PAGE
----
Jayhawk Jake's Unusual Aircraft of the Week - NASA AD-1S

This one is very special to me...the NASA AD-1 Oblique Swing Wing Concept.

In case you weren't aware, supersonic flight is really difficult. Generally speaking, you need a pointy airplane to go supersonic, with a very low aspect ratio wing. Wave drag, which occurs in the supersonic regime, generally relates to the ratio of span to length, b/l. This number should be as small as possible to reduce supersonic drag, and with a lower drag you have a much more efficient aircraft.

Seems pretty simple right? Make a stick! Well, there's a problem: sticks generally don't do well at slow speeds. So all those pretty delta wings, like the Dassault Mirage, while excellent at high speed are incredibly dangerous at low speed and extremely inefficient. This was the downfall of Concorde - great at Mach 2, mediocre subsonic.

So how do you fix this? Variable geometry. I'm sure all of you are familiar with the F-14 Tomcat:

Jayhawk Jake's Unusual Aircraft of the Week - NASA AD-1

It has a really neat trick: the wings can be swept at different angles. Interestingly, it's actually computer controlled to automatically sweep starting at Mach 0.8 and being fully swept at Mach 1.2. Neat-o. The F-111 Aardvark and Panavia Tornado do this as well.

So, lets just do that, right? Well, even unswept, these planes aren't great at low speed, and those two mechanisms are two points of failure and really heavy. Now what?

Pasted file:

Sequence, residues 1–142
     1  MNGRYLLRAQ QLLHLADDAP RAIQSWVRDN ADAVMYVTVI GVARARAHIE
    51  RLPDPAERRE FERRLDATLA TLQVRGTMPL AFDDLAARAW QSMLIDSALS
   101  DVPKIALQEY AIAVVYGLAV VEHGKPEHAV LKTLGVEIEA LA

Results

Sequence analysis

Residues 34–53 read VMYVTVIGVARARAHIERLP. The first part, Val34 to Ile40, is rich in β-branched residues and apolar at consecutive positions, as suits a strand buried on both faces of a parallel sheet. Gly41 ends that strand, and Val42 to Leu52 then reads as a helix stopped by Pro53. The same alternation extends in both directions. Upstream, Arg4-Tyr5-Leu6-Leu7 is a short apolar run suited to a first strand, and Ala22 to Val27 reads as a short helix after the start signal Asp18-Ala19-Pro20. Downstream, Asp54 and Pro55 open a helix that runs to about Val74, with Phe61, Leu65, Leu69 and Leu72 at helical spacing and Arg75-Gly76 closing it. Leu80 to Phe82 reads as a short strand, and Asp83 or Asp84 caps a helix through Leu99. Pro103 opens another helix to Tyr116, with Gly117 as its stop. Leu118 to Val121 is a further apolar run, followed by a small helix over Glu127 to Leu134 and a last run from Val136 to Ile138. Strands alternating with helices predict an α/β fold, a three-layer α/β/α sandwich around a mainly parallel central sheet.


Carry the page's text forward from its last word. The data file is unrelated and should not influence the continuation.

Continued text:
A brilliant engineer by the name of R. T. Jones came up with a genius solution: what if we sweep the whole wing? This accomplishes a few things:

Because of the nature of a shockwave, which I won't get into too much here, the leading edge of an oblique wing is always seeing subsonic airflow. So your wing can now use supercritical airfoils, making it really efficient! And by swinging the whole wing, you get a very large, high aspect ratio lifting surface at low speeds, making the aircraft very efficient and giving it excellent flying qualities at low speed.

NASA built the AD-1 to test this concept. While not capable of supersonic flight, the AD-1 did it's job very well. The oblique wing works! Only problem: when you pitch, you roll. This is easily fixed with a control system. Otherwise, the airplane is truly a shining example of a proof of concept: a strange concept, built and flown and proven to be valid.

Here's some pictures, and a video of the AD-1 sweeping its wing:

Notice that the wing is fully swept, at 60 degrees here:

Jayhawk Jake's Unusual Aircraft of the Week - NASA AD-1S

Jayhawk Jake's Unusual Aircraft of the Week - NASA AD-1S

Jayhawk Jake's Unusual Aircraft of the Week - NASA AD-1S

The AD-1 currently hangs in the Hiller Aviation Museum outside of San Francisco.

I mentioned at the beginning that the concept is special to me: I designed an aircraft based on it for my senior design project. Called the Aethos, it was a supersonic aircraft capable of carrying a 2000 lb satellite launching rocket to 60,000 ft to launch the satellite into space. I chose the oblique swing wing because the airplane had to carry the rocket 1500 nautical miles, so I kept the overall size of the aircraft down by maximizing efficiency. It's 40 ft long and 40 ft wingspan

Jayhawk Jake's Unusual Aircraft of the Week - NASA AD-1S

Hope you enjoyed this little review of, in my opinion, the most interesting NASA proof of concept ever produced.

Tune in next week for the aircraft with the greatest name of all time.